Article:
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June 11th, 2014 MARK STOCK | Music Stories
 

Dude York: Sunday, June 15

It’s all fun and games and punky guitar pop—until someone’s amp explodes.

music_dudeyork_4032Dude York’s (from left) Claire England, Peter Richards and Andrew Hall. - Image courtesy of Help Yourself Records

When a band writes a song called “The Assassination of Kurt Cobain by the Coward Dude York,” it probably doesn’t want you to take it too seriously. It’s a clever, snide, tongue-in-cheek title that pretty much describes the fun-loving sound of the group that wrote it.

Dude York started as a cure for boredom in Walla Walla, Wash., a quiet town in the eastern part of the state, known for wine and sweet onions and little else. The band didn’t yet have a name when Whitman College students Peter Richards and Andrew Hall would get together to kill some time, borrowing equipment from friends and neighbors.

“You kinda have to throw your own party in Walla Walla,” Hall says. The Idaho native grew up on the piano bench but switched to the trap kit in college. “I just close my eyes and hope for the best,” he says of his drumming. Though far from Neil Peart territory, Hall manages just fine as the pacesetter for the band’s punk-leaning, self-described “teen pop.”

Now a Seattle trio, Dude York has fine-tuned its approach. The addition of Claire England, formerly of Brite Futures, has cleaned up some of the scruff. Her bouncy basslines and soft vocal harmonies take some of the sting out of Richards’ crackly voice and Hall’s frenetic drumming.

While still flippant rockers, Dude York has grown out of the dorm and into the studio. The band’s newest album, Dehumanize, was produced by Neighbors frontman José Díaz and took two years to finish—odd, given the group’s catalog of punchy tracks, which rarely exceed three minutes. Songs like “Iris” and “Hesitate” are denim-clad pop numbers, clean with a slight edge. Others, like “Heartland,” offer hints of soul—blistering and ’90s-rock-infused, but not without some crooning and musical sweet-talking.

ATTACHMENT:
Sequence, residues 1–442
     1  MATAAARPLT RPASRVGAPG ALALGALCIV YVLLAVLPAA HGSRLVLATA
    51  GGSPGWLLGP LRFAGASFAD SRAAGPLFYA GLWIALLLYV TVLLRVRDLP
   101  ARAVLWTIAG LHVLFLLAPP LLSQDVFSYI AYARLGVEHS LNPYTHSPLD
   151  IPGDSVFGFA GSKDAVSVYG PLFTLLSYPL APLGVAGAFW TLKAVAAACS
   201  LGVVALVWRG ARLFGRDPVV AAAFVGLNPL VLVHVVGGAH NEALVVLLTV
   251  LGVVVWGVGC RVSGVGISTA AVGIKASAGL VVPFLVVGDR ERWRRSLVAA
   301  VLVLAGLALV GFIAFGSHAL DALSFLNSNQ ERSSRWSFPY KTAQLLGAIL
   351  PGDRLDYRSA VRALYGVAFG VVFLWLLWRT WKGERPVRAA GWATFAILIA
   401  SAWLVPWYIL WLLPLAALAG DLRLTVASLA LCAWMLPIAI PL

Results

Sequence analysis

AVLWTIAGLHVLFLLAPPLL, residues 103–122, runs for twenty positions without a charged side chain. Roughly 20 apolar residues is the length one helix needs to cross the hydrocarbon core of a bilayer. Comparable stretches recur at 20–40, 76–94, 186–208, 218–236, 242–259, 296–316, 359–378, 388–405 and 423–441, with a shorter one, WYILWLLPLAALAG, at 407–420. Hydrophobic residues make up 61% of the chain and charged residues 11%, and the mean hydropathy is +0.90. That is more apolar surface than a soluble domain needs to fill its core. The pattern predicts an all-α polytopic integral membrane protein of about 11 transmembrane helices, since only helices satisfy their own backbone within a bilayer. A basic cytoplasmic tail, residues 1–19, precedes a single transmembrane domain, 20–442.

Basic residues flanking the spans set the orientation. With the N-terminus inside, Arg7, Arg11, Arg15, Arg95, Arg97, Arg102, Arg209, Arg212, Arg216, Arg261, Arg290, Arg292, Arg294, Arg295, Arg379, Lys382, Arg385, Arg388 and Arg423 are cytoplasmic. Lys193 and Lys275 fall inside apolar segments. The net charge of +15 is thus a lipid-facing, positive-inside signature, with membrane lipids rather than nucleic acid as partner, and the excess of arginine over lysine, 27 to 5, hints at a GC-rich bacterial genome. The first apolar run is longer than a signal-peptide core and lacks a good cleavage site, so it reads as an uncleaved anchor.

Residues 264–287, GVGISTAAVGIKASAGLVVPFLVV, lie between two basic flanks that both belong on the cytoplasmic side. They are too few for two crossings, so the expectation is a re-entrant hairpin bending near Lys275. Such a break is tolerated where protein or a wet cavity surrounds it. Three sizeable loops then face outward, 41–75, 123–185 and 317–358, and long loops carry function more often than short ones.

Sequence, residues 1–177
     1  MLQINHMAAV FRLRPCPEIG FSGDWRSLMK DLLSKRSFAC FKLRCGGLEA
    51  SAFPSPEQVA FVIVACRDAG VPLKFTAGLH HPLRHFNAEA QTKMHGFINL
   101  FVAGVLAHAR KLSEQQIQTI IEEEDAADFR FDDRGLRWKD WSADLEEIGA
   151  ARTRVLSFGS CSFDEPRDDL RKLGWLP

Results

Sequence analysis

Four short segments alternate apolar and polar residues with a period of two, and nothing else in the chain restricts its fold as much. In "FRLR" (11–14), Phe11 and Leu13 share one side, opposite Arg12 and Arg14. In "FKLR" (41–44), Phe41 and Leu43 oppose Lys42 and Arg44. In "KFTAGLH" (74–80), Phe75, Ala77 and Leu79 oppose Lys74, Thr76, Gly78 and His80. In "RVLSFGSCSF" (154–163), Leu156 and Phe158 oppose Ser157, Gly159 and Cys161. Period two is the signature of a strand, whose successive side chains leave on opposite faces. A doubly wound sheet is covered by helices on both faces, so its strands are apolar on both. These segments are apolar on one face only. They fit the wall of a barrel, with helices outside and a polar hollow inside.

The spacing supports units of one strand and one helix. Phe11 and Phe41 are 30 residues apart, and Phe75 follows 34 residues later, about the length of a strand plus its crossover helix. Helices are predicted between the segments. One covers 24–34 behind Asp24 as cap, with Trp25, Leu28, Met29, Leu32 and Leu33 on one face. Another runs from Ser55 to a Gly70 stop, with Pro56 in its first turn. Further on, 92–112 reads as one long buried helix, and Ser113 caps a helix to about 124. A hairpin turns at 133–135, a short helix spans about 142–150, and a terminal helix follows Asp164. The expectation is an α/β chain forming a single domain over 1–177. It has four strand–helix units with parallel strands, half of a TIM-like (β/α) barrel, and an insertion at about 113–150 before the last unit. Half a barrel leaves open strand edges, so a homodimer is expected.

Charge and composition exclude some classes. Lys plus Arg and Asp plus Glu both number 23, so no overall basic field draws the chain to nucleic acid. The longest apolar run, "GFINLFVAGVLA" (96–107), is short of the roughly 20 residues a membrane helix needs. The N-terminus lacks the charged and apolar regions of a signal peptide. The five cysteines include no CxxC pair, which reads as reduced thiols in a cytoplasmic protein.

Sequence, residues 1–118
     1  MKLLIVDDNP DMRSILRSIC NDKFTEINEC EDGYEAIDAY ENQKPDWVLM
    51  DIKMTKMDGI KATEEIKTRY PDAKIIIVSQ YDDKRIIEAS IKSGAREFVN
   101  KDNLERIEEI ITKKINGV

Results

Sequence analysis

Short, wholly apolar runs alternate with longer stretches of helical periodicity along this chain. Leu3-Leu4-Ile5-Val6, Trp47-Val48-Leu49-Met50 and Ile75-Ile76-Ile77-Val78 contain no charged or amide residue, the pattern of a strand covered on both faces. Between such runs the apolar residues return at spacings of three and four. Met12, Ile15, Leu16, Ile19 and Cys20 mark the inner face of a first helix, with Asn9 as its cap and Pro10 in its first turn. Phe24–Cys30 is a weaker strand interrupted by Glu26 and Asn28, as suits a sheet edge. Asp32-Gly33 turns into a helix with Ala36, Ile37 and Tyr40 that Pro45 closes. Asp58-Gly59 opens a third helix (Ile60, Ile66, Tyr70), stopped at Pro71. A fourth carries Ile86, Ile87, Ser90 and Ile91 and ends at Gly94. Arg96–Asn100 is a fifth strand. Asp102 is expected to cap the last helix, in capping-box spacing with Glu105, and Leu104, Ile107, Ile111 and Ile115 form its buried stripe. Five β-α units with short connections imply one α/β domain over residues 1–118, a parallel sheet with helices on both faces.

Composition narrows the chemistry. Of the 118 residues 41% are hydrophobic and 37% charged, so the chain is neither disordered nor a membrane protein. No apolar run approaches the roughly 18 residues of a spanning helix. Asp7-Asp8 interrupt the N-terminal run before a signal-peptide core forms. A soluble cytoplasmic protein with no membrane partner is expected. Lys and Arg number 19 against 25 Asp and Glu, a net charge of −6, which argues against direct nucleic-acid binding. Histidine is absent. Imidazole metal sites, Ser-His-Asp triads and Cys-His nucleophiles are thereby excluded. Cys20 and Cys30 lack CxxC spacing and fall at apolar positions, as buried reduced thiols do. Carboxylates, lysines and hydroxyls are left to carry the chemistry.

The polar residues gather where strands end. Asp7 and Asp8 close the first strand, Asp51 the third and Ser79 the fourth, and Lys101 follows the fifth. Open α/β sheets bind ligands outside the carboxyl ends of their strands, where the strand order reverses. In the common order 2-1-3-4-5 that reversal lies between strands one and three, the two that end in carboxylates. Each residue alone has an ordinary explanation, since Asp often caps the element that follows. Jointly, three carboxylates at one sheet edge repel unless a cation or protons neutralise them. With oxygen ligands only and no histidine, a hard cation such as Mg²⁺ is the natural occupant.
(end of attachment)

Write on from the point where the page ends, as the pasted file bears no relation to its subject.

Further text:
Mainly, though, Dude York just wants to have fun and sing songs about serial killers, girls and swimming after taking molly. The lack of self-seriousness sometimes backfires, though.

“We’ve only played Portland twice,” Hall says. “The first time was at Rotture, and one of our amps blew up, and everybody just stood around and didn’t do anything about it. The second time we got a $650 ticket, and I lost my favorite water bottle.”


SEE IT: Dude York plays Rontoms, 600 E Burnside St., with the Lower 48 and Fur Coats, on Sunday, June 15. 8 pm. Free. 21+.

 
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